For the half-year to 30 June 2014, the IPKat's regular team is supplemented by contributions from guest bloggers Alberto Bellan, Darren Meale and Nadia Zegze.

Two of our regular Kats are currently on blogging sabbaticals. They are David Brophy and Catherine Lee.

Thursday, 6 September 2012

Coming to a school near you ...?

Crestfallen, the class learns that their brilliant scheme for knitting their own  adidas tracksuits may have serious legal repercussions ...
A very good friend of the IPKat is not only an excellent intellectual property lawyer but, through some strange quirk of fate, a fully qualified secondary school teacher. In a discussion with this Kat, his friend observed that it would be a good thing if IP lawyers spent some time in schools, talking to children about IP. There were two immediate advantages in doing this: it would give youngsters some idea of what they could do without running into legal trouble and, more importantly, it would also alert the more creative of them -- particularly musicians, artists and writers -- as to the precautions they might take to guard against being ripped off by others.

This all struck the Kat as a good idea, not least since he was involved some years ago in trying to untangle a number of school-related IP problems. In one case he helped sort out the mess after some sixth-formers [note to readers from outside the jurisdiction -- 'sixth-formers' are children in the two final years before the leave school for tertiary education, a gap year or what is sometimes termed "the real world"] decided that their school drama production for the year would be a popular musical which was concurrently running in a West End theatre: they thought there was no problem with copyright since they'd printed the music and lyrics off the internet instead of photocopying them on the school's reprographic apparatus, and that it was okay to perform the show because they weren't doing it professionally. In another instance a school production wanted to use a chunk of text from the English translation of a work by a popular 20th century Italian novelist: they assumed that this was okay because the author was dead.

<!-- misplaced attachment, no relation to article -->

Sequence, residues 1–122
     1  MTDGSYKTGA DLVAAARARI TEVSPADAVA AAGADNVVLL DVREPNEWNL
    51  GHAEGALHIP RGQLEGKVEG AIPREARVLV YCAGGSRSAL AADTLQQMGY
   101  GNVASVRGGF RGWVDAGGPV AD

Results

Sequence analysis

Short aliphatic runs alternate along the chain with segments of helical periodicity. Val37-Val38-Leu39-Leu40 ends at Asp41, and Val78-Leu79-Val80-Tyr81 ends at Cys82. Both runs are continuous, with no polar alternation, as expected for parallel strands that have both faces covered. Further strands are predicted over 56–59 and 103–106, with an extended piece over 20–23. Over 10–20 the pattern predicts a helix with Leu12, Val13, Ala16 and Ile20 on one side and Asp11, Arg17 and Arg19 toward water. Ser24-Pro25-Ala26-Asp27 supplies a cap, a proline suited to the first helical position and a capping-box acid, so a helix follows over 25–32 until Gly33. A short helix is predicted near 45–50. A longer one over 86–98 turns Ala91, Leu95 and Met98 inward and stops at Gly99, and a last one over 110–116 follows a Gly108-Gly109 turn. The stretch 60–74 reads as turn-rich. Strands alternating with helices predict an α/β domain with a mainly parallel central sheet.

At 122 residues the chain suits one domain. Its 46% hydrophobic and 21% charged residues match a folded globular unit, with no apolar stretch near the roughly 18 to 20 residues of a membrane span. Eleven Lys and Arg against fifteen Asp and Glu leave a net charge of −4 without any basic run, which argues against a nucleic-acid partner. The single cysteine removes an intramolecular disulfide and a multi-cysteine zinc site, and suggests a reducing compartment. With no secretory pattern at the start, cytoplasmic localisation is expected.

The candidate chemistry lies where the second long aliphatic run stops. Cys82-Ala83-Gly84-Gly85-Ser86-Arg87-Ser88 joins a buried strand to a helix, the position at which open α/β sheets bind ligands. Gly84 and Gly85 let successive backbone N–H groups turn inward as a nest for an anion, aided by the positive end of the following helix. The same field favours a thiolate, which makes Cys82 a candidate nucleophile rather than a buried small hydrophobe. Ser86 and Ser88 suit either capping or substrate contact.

The point of all this is that the Kat's friend has boldly agreed to lead a little initiative which, until a better name comes along, is provisionally entitled 'EduKat'.  We are looking for IP lawyers and enthusiasts -- any sort will do -- who fit one or more of the categories:

  • willing to give up a little of their time to visit secondary schools and speak to students in a balanced way about both what IP can do for them and what it stops them doing;
  • qualified to teach at secondary school level;
  • having previous experience of speaking about IP in schools;
  • neither experienced or qualified but prepared to give it a try, with the aid of some guidance and/or training in how to approach it.

If you'd like to be involved, please email your interest to IP in Schools at ipinschools@gmail.com, with the subject line 'EduKat' and, if possible, give a brief outline of any experience or qualifications that might be relevant.

2 comments:

Ben said...

I now give a one hour 'lecture' or lesson every year at my local secondary school (or 'Academy' as it now is) on IP, at the behest of the Head of Design Technology for the lower sixth form: the talk is called 'protecting your ideas" (and does cover the lack of protection for ideas in most areas!) with a brief shuffle through Copyright, the Design Right, Patent law and Trade Marks.

It's somewhat basic of course, but I always get asked some really good questions and clearly some of the students find the topic interesting - including patents and design rights although these students are perhaps more interested than most.

TV format rights always prompt responses - make sure you are aware of 'X-Factor and 'Pop Idol' similarities and differences! The other area of 'concern' is always file sharing, illegal downloading - and format shifting - and why these activities might be illegal!

One word of caution, whilst I am a university lecturer, I am not a secondary school teacher and so usually CRB checks would apply in England and Wales as far as I know.

Anonymous said...

My wife is a teacher, and her understanding is that a CRB check would not be necessary if a member of staff were present during teh time that an external speaker was making a presentation.

Conversely, in order to give presentations unsupervised, a CRB check would need to be made in respect of each school.

Subscribe to the IPKat's posts by email here

Just pop your email address into the box and click 'Subscribe':